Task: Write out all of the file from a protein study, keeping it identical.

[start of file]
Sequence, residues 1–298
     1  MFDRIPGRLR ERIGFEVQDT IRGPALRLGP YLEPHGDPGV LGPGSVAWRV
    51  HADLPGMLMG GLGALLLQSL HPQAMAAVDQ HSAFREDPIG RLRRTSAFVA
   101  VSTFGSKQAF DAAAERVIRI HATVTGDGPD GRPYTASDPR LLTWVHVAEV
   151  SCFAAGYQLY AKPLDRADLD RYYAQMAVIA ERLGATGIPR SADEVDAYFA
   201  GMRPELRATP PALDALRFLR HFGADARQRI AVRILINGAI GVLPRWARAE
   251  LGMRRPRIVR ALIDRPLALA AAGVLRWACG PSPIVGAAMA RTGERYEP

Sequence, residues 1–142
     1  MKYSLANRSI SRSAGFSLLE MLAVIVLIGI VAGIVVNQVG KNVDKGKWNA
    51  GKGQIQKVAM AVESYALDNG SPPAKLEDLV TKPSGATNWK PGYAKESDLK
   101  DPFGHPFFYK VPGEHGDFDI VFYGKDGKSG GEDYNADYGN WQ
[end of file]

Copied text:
Sequence, residues 1–298
     1  MFDRIPGRLR ERIGFEVQDT IRGPALRLGP YLEPHGDPGV LGPGSVAWRV
    51  HADLPGMLMG GLGALLLQSL HPQAMAAVDQ HSAFREDPIG RLRRTSAFVA
   101  VSTFGSKQAF DAAAERVIRI HATVTGDGPD GRPYTASDPR LLTWVHVAEV
   151  SCFAAGYQLY AKPLDRADLD RYYAQMAVIA ERLGATGIPR SADEVDAYFA
   201  GMRPELRATP PALDALRFLR HFGADARQRI AVRILINGAI GVLPRWARAE
   251  LGMRRPRIVR ALIDRPLALA AAGVLRWACG PSPIVGAAMA RTGERYEP

Sequence, residues 1–142
     1  MKYSLANRSI SRSAGFSLLE MLAVIVLIGI VAGIVVNQVG KNVDKGKWNA
    51  GKGQIQKVAM AVESYALDNG SPPAKLEDLV TKPSGATNWK PGYAKESDLK
   101  DPFGHPFFYK VPGEHGDFDI VFYGKDGKSG GEDYNADYGN WQ